The northern spring and early summer have some characteristics that help the nesting succeed: in the spring and early summer, the air is “thick” with flying insects, so there is enough food for the hatching chicks. In the long, bright night in the north, mothers can feed their chicks at night as well. The chicks of many bird species would not survive the tropics’ 12-hour night without feeding. Among other things, these reasons cause birds to return to their birthplace, their “home,” repeatedly.

CHANGES IN BIRDS INDICATE CHANGES IN THE ENVIRONMENT

More than a third of the bird species nesting in Finland have declined. Birds wintering in Africa and Asia in particular, as well as birds nesting in the farmland and northern bird species, are declining alarmingly. The populations of species nesting in wetlands and agglomerations began to decline in the early 2000s. Migratory species suffer most often man-made deterioration of living conditions during the migratory period and in wintering areas. The former resting and eating places may have been completely lost, for example due to construction. There is therefore a need for international cooperation to ensure safe migration routes for birds.

LAUHANVUORI – HÄMEENKANGAS GEOPARK PROVIDES A SAFE ENVIRONMENT FOR MIGRATORY BIRDS

Geopark areas contribute to the adequacy and safety of nesting and resting areas. In the Lauhanvuori – Hämeenkangas Geopark area, there are bogs on Metsähallitus’ lands where moving is forbidden during the nesting and migration period of birds. Restrictions are also needed to allow birds to rest during the autumn migration in Kauhaneva. The purpose of the marked trails and duckboard paths is to ensure nesting peace also outside the restricted areas.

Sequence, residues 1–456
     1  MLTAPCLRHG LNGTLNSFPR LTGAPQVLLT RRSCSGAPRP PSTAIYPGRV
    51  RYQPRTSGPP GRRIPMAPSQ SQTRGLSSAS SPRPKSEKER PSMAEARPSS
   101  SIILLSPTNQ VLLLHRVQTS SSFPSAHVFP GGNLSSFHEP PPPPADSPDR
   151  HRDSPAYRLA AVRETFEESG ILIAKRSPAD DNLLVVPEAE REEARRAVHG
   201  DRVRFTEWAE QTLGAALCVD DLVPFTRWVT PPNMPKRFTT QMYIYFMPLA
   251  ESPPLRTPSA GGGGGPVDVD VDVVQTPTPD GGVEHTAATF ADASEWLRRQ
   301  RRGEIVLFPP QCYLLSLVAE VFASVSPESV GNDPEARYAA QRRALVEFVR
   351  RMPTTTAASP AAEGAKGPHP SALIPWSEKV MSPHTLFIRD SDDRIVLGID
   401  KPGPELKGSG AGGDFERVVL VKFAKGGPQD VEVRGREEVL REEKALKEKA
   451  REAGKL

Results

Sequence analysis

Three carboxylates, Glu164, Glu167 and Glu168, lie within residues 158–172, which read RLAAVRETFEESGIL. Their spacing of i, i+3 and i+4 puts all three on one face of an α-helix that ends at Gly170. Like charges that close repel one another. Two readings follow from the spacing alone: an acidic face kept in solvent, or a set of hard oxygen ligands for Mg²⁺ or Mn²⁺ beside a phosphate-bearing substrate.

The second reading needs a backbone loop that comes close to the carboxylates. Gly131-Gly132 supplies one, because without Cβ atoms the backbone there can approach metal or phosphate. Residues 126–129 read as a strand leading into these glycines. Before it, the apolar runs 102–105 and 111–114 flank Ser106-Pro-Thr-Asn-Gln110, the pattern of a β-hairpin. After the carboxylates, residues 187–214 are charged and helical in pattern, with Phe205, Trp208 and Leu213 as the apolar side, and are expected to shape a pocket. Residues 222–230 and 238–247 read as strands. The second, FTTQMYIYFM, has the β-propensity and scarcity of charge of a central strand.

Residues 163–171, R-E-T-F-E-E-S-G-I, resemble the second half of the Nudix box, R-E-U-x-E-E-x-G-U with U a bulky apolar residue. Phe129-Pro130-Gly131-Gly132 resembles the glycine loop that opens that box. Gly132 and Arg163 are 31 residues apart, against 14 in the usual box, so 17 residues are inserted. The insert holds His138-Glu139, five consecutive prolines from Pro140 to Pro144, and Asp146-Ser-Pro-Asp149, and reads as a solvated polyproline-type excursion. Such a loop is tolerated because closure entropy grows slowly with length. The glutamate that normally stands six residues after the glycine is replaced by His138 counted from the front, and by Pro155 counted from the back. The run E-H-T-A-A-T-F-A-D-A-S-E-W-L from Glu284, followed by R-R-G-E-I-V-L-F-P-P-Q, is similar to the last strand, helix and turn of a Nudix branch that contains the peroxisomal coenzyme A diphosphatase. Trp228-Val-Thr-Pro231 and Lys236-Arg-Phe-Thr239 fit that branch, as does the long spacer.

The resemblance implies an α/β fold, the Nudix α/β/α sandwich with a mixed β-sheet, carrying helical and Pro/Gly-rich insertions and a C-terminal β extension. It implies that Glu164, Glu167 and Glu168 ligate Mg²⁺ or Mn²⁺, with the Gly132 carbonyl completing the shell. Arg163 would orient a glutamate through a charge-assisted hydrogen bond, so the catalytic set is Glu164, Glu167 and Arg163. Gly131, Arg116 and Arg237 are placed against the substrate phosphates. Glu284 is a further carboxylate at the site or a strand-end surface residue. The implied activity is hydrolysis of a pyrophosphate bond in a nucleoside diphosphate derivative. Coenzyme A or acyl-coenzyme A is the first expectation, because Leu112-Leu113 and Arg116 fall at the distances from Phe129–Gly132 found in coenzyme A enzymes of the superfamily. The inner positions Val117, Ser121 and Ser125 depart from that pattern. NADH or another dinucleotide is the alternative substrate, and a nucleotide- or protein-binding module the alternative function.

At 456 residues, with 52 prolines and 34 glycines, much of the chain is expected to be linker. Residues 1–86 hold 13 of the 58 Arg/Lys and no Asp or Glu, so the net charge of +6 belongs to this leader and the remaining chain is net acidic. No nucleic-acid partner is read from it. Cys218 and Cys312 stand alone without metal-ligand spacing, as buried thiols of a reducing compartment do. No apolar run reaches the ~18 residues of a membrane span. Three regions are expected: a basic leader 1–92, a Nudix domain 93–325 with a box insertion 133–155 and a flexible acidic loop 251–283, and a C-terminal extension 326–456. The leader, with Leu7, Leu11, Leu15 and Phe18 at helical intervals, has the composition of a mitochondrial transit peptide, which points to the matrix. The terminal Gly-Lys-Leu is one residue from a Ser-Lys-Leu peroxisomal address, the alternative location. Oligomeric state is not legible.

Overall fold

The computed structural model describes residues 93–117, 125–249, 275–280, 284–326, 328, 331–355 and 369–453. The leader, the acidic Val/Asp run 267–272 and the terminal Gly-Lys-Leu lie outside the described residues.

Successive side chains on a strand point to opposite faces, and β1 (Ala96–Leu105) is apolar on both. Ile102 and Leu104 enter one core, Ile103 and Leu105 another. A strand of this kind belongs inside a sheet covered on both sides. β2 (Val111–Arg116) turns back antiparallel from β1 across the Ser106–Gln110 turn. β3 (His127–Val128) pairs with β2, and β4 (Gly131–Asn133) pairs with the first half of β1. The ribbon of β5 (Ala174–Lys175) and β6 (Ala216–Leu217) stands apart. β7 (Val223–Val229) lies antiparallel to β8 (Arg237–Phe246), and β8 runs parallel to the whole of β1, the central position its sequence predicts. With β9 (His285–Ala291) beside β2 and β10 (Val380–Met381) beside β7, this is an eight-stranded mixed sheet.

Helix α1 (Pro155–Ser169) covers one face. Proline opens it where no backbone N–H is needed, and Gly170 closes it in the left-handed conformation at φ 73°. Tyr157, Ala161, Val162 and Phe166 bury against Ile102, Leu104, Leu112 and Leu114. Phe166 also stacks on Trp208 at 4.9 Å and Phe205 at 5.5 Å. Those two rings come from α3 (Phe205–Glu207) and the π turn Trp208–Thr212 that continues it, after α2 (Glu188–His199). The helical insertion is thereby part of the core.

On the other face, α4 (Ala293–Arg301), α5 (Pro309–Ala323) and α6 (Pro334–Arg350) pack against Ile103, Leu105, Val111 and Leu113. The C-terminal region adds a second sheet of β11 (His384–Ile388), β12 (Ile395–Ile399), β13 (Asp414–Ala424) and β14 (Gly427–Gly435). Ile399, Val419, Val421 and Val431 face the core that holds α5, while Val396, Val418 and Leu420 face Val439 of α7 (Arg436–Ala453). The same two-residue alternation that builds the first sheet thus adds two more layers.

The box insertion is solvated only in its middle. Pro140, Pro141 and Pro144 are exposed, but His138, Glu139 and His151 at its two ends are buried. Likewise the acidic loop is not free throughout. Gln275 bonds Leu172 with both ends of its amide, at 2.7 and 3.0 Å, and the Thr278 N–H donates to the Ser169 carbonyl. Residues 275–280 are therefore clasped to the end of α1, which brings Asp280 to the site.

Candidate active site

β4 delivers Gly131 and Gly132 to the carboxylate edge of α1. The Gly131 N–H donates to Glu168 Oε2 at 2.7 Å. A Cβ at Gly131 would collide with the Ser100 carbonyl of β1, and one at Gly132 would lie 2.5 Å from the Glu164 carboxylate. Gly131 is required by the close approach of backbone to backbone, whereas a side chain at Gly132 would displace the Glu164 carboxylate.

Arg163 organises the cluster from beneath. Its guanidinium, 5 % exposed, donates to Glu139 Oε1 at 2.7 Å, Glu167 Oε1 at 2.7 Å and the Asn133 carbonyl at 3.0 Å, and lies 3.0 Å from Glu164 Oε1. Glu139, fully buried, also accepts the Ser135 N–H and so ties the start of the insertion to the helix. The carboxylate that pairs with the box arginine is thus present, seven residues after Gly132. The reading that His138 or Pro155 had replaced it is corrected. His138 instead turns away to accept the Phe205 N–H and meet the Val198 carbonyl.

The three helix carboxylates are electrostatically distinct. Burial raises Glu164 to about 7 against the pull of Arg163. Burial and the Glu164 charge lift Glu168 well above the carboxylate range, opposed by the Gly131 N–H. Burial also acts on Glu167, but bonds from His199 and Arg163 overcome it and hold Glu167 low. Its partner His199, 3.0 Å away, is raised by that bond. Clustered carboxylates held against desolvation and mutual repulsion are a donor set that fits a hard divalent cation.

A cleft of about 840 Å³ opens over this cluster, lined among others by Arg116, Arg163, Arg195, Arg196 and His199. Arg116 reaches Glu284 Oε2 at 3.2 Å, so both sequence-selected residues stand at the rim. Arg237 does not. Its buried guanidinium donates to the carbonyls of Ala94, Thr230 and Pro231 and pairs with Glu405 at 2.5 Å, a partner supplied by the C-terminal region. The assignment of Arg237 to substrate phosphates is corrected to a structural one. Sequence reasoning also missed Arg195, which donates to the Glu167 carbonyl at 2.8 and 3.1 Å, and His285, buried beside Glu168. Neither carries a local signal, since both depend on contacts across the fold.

Organized by BirdLife Finland and carried out by regional bird associations, the most important bird gathering areas in each province (winter and migratory feeding and resting areas and areas for molting of feathers) have been identified. In the Lauhanvuori – Hämeenkangas Geopark area, there are 11 of these regionally important bird areas, in addition to the two already known nationally important bird areas, Puurokeidas – Hannankeidas and Häädetkeidas Nature Park + Keidaslammit ponds. The identification of migratory breeding areas and migration routes is particularly important so that they can be considered in social decision-making, such as zoning, and so that the birdlife important values ​​of the areas are not inadvertently degraded.

More information on migratory bird routes and resting areas is needed. Thus, Lauhanvuori – Hämeenkangas Geopark invites bird enthusiasts in the area to participate in the World Migratory Bird Day on Saturday, May 14, 2022.

 

Text: Eira-Maija Savonen

Photos: Terttu Hermansson

Main image: World Migratory Bird Day